Research efforts at the Waterways Experiment Station have resulted in the development of a pavement evaluation methodology based upon a multilayered elastic model and limiting stress/strain criteria which use deflection basin measurements obtained by applying a load to the pavement surface with a nondestructive testing (NDT) device.
Growing acceptance of the NDT methodology has led to the formulation of a comprehensive nondestructive testing and evaluation procedure for airfield pavements which has been used by and is under consideration for adoption by the Army and is also being used by the Air Force and Navy (there is presently no official DA published manual or standard for NDT, but one is currently being drafted). A testing scheme is presented for airfield pavements that includes recommendations for the number of tests, location of tests, magnitude of NDT loadings, and sensor spacings. In addition to NDT data, other information such as layer thicknesses, surface and five-day mean air temperatures, and portland cement concrete flexural strengths are required for an accurate evaluation. The computer program BASIN has been developed to graphically and statistically analyze NDT deflection data and to select a representative deflection basin to be used for the evaluation of a pavement section. A description of the modulus backcalculation process using the computer program BISDEF is provided. The final evaluation is based upon a projection of the total number of passes of each aircraft type that a pavement will be expected to support over its design life. A method is described for determining the critical aircraft and design pass level for a given projected aircraft mixture. Allowable aircraft loads, strengthening overlay requirements, etc. are then obtained using the moduli from BISDEF and the program AIRPAVE, which compares stresses and strains within a layered system to appropriate limiting criteria. Limiting stress/strain criteria included in AIRPAVE have been calibrated with performance data to ensure consistency with current Corps of Engineers design criteria.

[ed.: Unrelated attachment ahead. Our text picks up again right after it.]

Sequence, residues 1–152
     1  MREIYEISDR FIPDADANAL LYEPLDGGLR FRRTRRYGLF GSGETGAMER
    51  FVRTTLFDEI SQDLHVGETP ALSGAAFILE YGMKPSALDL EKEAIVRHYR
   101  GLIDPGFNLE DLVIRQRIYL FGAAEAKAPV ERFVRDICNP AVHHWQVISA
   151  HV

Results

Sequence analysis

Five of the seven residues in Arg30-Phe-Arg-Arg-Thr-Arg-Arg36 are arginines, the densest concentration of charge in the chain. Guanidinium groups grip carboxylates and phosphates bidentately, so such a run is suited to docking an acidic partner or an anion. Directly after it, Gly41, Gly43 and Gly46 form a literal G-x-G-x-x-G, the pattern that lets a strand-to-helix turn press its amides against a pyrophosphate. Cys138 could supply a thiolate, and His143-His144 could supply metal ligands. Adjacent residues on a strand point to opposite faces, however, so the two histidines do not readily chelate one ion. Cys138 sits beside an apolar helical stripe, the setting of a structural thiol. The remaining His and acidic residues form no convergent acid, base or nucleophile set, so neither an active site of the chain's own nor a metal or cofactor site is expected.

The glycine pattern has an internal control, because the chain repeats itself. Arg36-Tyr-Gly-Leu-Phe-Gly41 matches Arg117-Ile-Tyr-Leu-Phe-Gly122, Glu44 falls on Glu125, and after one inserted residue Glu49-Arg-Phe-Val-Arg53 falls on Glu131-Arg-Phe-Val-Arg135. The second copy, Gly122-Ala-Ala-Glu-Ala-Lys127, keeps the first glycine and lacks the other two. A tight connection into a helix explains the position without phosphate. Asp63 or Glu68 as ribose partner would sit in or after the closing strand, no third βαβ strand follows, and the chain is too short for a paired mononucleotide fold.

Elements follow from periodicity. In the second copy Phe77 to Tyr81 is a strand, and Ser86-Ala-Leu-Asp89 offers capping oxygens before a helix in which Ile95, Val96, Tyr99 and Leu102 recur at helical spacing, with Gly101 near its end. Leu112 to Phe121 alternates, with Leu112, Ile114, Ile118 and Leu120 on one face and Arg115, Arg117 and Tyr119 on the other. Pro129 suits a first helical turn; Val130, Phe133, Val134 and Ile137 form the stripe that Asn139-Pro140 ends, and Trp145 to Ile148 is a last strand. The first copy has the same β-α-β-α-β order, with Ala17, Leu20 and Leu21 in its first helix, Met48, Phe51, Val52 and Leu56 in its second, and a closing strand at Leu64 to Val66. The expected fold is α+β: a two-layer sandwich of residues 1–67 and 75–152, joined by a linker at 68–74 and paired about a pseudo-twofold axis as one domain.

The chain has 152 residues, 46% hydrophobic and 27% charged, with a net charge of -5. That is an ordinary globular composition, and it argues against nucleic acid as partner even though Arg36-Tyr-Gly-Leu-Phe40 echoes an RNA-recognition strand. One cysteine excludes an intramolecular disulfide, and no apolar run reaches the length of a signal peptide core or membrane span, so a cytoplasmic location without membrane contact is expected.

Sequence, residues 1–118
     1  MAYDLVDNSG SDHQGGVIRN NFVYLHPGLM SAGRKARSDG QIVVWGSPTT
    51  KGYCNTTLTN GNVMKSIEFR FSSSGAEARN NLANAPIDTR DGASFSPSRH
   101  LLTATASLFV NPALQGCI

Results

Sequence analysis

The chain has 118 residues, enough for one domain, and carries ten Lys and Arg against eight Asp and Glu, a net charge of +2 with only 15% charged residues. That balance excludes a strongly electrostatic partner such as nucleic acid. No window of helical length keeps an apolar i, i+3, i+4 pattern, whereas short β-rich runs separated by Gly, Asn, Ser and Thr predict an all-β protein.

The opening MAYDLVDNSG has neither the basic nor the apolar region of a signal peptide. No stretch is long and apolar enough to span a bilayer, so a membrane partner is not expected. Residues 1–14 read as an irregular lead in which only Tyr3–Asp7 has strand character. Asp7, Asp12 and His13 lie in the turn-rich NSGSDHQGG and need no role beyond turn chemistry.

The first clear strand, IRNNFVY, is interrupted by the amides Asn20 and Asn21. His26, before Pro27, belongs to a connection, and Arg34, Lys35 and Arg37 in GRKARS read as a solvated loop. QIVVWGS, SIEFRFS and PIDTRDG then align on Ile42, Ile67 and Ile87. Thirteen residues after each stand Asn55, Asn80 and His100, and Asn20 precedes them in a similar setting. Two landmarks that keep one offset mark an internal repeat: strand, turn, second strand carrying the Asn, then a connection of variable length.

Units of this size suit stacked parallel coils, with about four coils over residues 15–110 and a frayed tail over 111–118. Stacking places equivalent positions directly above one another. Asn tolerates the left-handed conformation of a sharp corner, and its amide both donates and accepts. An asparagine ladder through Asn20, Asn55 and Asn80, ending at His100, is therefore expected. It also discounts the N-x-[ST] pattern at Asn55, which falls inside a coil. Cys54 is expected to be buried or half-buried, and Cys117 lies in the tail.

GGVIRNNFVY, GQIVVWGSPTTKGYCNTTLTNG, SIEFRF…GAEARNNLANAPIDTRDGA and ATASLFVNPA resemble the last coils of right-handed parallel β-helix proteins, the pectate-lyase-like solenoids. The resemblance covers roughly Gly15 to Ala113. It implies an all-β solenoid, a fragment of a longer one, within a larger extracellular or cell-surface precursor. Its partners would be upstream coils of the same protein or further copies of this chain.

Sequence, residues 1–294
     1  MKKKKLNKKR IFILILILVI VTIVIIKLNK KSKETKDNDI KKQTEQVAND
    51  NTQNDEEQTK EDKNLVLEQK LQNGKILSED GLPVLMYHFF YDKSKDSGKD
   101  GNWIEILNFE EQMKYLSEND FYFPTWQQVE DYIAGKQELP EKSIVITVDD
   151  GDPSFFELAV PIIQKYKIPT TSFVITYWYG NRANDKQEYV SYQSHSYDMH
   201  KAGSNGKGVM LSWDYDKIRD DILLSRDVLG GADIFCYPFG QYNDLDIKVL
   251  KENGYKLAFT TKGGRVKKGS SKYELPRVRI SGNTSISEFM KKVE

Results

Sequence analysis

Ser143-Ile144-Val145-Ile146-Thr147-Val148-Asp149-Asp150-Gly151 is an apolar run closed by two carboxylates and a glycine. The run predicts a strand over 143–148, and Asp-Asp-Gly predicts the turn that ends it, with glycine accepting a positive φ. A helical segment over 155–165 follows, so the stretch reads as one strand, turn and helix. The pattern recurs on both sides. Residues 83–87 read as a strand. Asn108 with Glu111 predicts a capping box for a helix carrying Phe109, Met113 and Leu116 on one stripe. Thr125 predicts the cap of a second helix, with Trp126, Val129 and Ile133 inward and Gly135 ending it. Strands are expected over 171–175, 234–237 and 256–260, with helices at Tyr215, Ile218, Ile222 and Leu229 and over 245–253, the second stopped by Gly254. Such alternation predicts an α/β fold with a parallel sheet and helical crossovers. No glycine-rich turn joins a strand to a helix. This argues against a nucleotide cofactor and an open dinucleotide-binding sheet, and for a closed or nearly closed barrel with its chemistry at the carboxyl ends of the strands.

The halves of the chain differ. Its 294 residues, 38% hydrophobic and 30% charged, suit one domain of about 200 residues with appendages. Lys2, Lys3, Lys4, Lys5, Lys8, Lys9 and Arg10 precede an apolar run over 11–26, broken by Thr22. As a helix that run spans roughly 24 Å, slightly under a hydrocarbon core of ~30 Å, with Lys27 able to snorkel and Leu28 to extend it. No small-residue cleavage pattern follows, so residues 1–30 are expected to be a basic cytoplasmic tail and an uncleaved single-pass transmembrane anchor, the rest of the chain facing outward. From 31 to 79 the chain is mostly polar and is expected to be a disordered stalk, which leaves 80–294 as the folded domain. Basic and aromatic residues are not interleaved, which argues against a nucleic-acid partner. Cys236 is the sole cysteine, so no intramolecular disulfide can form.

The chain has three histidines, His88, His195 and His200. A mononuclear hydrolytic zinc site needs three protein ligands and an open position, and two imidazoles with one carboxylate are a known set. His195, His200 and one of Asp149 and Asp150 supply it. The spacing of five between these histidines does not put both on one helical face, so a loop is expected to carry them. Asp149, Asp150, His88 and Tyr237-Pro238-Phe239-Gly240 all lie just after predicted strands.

The use and significance of the pavement classification number (PCN) determined from the allowable load rating for expressing the load-carrying capacity of a pavement by a single unique number without specifying a particular aircraft is discussed. Sample data have been used to demonstrate evaluation techniques and the presentation of results.
The NDT procedure presented here provides a rapid and versatile method for determining the structural capacity of a pavement system. Rigid, flexible, and composite pavements consisting of stabilized or unstabilized layers can be evaluated by using data from a variety of commercially available NDT equipment. While developed to meet specific military requirements, the procedures are equally applicable to the evaluation of civil airports and could be modified to include the evaluation of roads and streets.